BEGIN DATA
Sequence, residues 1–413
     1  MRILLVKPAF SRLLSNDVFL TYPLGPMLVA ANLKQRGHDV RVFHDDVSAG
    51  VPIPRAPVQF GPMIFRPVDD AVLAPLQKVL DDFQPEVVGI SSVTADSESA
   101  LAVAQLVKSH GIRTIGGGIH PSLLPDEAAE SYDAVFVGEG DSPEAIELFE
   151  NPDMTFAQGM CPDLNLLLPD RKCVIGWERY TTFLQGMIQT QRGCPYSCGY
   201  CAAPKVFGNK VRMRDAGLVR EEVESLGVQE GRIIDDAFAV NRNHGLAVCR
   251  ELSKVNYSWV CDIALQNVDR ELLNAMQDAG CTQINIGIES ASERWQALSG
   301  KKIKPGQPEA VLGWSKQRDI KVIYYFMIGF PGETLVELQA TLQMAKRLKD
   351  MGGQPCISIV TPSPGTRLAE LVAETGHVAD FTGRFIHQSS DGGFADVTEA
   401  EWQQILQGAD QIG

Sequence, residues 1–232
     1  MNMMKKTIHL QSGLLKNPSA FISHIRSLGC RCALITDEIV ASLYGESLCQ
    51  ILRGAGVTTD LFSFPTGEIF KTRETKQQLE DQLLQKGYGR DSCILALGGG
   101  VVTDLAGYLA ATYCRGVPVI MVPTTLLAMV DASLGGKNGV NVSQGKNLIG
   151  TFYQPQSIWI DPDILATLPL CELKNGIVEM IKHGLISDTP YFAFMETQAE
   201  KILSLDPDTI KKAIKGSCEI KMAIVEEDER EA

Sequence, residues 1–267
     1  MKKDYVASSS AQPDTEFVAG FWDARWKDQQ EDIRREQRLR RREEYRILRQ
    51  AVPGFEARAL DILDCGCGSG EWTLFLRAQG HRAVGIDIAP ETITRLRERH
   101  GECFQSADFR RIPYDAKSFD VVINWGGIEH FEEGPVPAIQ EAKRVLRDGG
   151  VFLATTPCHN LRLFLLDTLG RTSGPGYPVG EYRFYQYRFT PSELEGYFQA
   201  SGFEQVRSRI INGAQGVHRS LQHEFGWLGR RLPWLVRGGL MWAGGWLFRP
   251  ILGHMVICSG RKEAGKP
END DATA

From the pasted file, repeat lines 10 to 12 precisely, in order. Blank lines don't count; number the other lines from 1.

   401  EWQQILQGAD QIG

Sequence, residues 1–232
     1  MNMMKKTIHL QSGLLKNPSA FISHIRSLGC RCALITDEIV ASLYGESLCQ